I did some more editing and migrated this to the main article. Chris Loosley 01:25, 11 January 2007 (UTC)

This is fine, but I think functional design should be mentioned somewhere in the article if not the "see also" section. -- comment by Oicumayberight, 11 January 2007 (UTC)

Website design crosses multiple disciplines of information systems, information technology and communication design. The website is an information system whose components are sometimes classified as front-end and back-end. The observable content (e.g page layout, user interface, graphics, text, audio) is known as the front-end. The back-end comprises the organization and efficiency of the source code, invisible scripted functions, and the server-side components that process the output from the front-end. Depending on the size of a Web development project, it may be carried out by a multi-skilled individual (sometimes called a web master), or a project manager may oversee collaborative design between group members with specialized skills.

Small-scale and large-scale Web development[edit]

These ideas (copied from the Web development rewrite) will be revised to say something similar about Design. Chris Loosley 07:14, 29 December 2006 (UTC)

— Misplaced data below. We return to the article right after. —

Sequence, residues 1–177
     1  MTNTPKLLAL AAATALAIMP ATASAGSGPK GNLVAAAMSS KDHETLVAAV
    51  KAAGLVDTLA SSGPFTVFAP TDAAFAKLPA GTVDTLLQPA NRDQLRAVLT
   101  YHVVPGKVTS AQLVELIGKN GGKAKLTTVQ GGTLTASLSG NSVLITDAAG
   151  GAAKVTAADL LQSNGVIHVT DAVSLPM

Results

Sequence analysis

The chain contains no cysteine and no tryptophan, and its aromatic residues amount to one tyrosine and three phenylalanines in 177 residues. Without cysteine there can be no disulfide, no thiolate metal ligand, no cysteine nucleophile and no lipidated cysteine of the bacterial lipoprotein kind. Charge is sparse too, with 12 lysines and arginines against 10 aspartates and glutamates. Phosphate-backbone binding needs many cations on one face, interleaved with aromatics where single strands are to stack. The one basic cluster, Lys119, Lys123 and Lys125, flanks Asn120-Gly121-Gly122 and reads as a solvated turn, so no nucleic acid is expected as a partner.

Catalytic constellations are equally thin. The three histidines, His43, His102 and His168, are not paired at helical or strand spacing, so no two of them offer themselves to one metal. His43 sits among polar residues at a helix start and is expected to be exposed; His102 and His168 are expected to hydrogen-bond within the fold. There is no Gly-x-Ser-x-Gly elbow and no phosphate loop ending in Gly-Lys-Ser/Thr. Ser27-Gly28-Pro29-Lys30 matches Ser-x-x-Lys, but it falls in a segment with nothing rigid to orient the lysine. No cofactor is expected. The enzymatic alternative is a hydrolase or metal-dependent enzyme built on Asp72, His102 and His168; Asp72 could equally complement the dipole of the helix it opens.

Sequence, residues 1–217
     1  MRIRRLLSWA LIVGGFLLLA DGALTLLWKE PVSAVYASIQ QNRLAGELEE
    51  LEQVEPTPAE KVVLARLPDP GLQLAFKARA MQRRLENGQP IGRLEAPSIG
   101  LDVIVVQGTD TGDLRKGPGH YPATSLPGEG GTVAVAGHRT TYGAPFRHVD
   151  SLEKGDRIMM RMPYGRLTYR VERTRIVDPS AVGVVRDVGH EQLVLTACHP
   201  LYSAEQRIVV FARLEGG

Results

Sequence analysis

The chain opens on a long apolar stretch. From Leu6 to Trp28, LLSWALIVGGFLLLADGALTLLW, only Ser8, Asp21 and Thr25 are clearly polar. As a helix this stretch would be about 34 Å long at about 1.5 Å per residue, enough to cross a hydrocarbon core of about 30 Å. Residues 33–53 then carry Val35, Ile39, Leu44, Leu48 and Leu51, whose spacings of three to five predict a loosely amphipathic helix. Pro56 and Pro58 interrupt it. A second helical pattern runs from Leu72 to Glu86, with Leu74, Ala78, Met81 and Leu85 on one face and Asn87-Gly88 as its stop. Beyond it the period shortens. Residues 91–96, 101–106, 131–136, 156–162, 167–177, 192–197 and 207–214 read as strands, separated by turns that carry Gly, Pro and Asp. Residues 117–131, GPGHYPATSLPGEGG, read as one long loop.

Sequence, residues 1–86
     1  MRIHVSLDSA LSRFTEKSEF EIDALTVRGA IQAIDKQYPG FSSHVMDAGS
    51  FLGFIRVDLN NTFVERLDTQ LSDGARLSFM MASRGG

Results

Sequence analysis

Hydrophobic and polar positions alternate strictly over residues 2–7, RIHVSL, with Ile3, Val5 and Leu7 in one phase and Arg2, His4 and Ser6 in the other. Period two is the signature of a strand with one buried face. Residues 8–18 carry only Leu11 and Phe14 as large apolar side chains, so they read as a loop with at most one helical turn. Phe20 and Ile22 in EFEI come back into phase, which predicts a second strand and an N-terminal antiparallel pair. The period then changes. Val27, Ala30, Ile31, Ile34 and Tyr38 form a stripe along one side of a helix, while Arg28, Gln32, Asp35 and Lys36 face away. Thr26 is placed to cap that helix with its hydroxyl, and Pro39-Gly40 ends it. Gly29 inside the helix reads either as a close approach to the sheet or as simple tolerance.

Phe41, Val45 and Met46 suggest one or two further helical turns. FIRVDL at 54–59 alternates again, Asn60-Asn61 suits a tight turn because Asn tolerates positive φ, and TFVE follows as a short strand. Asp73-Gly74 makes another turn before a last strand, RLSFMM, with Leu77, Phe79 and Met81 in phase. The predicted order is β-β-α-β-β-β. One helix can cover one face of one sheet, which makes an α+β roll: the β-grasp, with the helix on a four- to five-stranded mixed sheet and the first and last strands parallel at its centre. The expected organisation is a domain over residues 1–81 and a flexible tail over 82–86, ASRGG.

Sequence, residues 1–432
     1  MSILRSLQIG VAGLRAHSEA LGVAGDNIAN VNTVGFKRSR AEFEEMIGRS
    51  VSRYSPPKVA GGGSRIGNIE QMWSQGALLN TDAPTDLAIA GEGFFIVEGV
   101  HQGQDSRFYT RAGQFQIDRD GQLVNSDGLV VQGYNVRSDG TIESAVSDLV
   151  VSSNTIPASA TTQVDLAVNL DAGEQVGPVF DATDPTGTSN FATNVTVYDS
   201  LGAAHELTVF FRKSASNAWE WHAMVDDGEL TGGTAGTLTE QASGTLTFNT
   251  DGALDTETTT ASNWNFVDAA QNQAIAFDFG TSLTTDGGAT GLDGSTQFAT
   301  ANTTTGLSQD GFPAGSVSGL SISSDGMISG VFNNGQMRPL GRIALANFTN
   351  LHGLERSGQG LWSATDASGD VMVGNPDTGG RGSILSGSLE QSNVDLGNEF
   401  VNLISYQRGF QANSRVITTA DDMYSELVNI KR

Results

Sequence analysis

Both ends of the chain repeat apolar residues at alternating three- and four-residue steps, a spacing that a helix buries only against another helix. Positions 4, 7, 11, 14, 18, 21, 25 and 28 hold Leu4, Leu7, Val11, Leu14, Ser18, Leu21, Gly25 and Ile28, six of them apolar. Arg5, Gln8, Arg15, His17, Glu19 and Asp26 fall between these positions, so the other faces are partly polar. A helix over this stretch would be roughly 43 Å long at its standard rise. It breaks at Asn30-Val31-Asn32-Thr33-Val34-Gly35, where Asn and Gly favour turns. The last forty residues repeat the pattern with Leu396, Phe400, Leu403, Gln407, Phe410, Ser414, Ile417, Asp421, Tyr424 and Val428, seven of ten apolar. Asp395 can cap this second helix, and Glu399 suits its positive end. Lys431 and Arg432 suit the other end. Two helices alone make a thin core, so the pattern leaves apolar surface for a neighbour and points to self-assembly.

In practice, informal approaches to Web development, especially those employed by a single Web developer or a small development team, may not treat each development category listed above as a distinct activity or phase. Nonetheless, the more formal descriptions of software development processes do serve to identify a collection of tasks that are essential to the production of effective software. So while people may adopt many different methodologies (or approaches) for addressing the work, those essential tasks must still be performed -- somehow, by someone -- during any development process. This article focuses primarily on the tasks of Web development, rather than on the processes or methodologies that can be adopted to perform those tasks.

Web design activities[edit]

This section is a place-holder for new introductory material. Chris Loosley 07:14, 29 December 2006 (UTC)

The principal Web design activities are:

  1. list item
  2. list item
  3. list item
  4. list item
  5. list item
  6. list item

The following sections summarize the Web design tasks and deliverables, and show how they relate to the phases of Web development.

Design and the requirements phase[edit]

Refer to the importance of design decisions, because interactions with a Web site or Web application are an aspect of customer experience. Chris Loosley 20:16, 29 December 2006 (UTC)